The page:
Incidence of New and Changed Nevi and Melanomas Detected Using Baseline Images and Dermoscopy in Patients at High Risk for Melanoma

Cancer Council Victoria, Melbourne, Victoria, Australia
Archives of Dermatology (Impact Factor: 4.79). 09/2005; 141(8):998-1006. DOI: 10.1001/archderm.141.8.998
Source: PubMed


To determine the incidence of new, changed, and regressed nevi and melanomas in a cohort of patients at high risk for melanoma using baseline total body photography and dermatoscopy.
Cohort study of patients at high risk for melanoma who underwent baseline cutaneous photography between January 1, 1992, and December 31, 1997, and had at least 1 follow-up visit by December 31, 1998.
Private practice rooms of 1 dermatologist in conjunction with a public hospital-based, multidisciplinary melanoma clinic in Victoria, Australia.
A total of 309 patients who had at least 1 of the following risk factors for melanoma: personal history, family history, 100 or more nevi, or 4 or more dysplastic nevi.
Number of new, changed, and regressed nevi and melanomas detected and excised during the study interval.
The incidence of new, changed, and regressed nevi decreased with increasing age (P<.001), whereas the incidence of melanomas increased (P = .05). The number of dysplastic nevi at baseline was positively associated with the incidence of changed nevi (P<.001) and melanomas (P = .03). The use of baseline photography and dermatoscopy was associated with low biopsy rates and early detection of melanomas. The development of melanoma in association with a preexisting nevus was not directly correlated with a change in a preexisting lesion monitored by baseline photography.
Nevi are dynamic, and only a small percentage of all new and changed melanocytic lesions are melanomas. Patients younger than 50 years had a lower incidence of melanomas and a higher rate of new, changed, and regressed nevi when compared with patients older than 50 years. A new or changed pigmented lesion is more likely to be a melanoma in patients older than 50 years.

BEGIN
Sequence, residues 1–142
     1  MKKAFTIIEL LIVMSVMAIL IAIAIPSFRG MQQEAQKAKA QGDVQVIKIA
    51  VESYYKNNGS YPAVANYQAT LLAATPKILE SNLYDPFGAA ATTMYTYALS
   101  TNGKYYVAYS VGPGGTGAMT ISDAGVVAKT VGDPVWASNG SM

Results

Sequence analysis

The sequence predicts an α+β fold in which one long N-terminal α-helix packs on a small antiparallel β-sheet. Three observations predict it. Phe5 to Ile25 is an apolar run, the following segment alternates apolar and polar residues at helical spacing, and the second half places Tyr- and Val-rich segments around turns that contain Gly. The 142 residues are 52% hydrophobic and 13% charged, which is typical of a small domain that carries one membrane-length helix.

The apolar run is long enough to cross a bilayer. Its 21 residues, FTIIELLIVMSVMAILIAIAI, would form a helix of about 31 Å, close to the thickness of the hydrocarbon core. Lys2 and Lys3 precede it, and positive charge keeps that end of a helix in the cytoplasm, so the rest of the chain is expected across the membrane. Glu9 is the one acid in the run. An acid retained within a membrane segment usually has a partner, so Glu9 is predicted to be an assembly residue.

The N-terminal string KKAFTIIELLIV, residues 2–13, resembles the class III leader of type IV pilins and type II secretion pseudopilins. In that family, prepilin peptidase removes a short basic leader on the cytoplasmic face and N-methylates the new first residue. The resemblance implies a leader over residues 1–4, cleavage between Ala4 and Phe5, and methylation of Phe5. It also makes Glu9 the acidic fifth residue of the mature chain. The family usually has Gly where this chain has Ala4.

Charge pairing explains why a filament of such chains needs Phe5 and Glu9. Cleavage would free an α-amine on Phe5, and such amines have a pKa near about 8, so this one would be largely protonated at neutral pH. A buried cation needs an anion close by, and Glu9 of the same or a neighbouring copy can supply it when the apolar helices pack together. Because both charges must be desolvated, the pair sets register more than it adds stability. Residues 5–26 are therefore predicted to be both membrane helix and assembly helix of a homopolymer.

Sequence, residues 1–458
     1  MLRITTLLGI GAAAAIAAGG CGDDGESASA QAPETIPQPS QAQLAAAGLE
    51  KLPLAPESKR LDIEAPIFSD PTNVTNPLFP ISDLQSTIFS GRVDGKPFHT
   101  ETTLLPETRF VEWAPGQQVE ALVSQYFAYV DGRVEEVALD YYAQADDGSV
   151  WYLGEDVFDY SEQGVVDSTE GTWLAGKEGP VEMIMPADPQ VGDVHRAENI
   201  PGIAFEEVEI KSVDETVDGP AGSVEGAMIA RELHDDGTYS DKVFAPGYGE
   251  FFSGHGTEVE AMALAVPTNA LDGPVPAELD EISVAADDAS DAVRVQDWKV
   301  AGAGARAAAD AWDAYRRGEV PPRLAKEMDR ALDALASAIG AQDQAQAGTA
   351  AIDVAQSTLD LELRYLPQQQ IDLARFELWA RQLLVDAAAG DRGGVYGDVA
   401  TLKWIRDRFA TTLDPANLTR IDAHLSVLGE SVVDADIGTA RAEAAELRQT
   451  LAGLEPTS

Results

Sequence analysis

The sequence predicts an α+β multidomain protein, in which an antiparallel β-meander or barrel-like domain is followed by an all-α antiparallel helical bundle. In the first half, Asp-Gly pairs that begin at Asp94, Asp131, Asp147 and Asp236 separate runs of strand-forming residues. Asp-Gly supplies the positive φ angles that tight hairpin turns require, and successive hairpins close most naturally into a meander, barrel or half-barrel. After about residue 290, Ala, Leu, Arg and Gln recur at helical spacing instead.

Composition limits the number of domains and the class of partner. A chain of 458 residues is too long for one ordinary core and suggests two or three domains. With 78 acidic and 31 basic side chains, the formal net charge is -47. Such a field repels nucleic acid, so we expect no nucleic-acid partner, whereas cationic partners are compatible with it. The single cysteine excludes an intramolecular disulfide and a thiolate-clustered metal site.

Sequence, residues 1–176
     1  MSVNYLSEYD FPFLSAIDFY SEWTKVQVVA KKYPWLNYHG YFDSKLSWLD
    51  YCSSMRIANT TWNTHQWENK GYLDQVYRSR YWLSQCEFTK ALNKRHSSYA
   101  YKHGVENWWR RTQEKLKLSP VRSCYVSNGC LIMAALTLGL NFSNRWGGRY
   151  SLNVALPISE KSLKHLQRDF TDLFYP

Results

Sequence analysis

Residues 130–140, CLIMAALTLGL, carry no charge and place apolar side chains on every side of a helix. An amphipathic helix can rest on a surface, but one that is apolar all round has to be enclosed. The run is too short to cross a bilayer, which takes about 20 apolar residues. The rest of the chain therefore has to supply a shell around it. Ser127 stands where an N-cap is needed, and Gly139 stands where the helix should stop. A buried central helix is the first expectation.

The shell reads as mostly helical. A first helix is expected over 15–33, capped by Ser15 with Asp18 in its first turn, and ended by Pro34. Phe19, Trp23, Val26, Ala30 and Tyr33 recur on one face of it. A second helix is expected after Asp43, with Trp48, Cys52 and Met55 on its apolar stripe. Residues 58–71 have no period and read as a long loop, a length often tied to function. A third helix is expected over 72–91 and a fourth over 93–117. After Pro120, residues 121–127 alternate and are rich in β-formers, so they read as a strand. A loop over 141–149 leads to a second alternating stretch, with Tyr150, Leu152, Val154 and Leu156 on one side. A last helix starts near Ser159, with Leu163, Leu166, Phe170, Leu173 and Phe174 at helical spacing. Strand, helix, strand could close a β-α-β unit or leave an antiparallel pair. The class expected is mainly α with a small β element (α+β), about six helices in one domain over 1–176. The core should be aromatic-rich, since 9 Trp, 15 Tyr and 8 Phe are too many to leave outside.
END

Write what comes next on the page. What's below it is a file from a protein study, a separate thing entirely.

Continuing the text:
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Available from: John Philip Dowling, Feb 05, 2015
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    • "In a study by Banky using TBP, the benign-to-malignant ratio was also approximately 3:1 (Banky et al., 2005). These ratios compare very favorably with the ratios of 12:1 or 30:1 reported for dermatologists not implementing the use of TBP and general physicians, respectively (Banky et al., 2005). Although benign/malignant ratio of biopsies is a useful indicator of diagnostic accuracy, the patient mix seen by each individual physician can modify the outcome of this parameter. "
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    • "This may occur through a number of processes including apoptosis, immune destruction, or withdrawal of growth ISRN Dermatology factors like MSH [2] [3] [4]. It is interesting to note that while late childhood and young adulthood represents the time period in which the majority of nevus promotion occurs, it is also the time period in which most nevi begin to involute [5]. Thus, it is possible that nevi still present in late adulthood represent nevi that possess cellular mechanisms that make them resistant to involution. "
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    • "Baseline whole body digital photography has also been shown to improve patient self-skin monitoring in patients at high risk for melanoma, increasing self skin examination by over 51% when patients were given books or storage disks with copies of baseline images for comparison [89,90,91]. Whole body imaging has shown that new or changing nevi in patients over the age of 50 are more likely to be melanomas–30% when compared to <1% of new or changing lesions in younger patients [92]. This is consistent with the natural history of benign nevi, which rarely form and often regress after age 50. "
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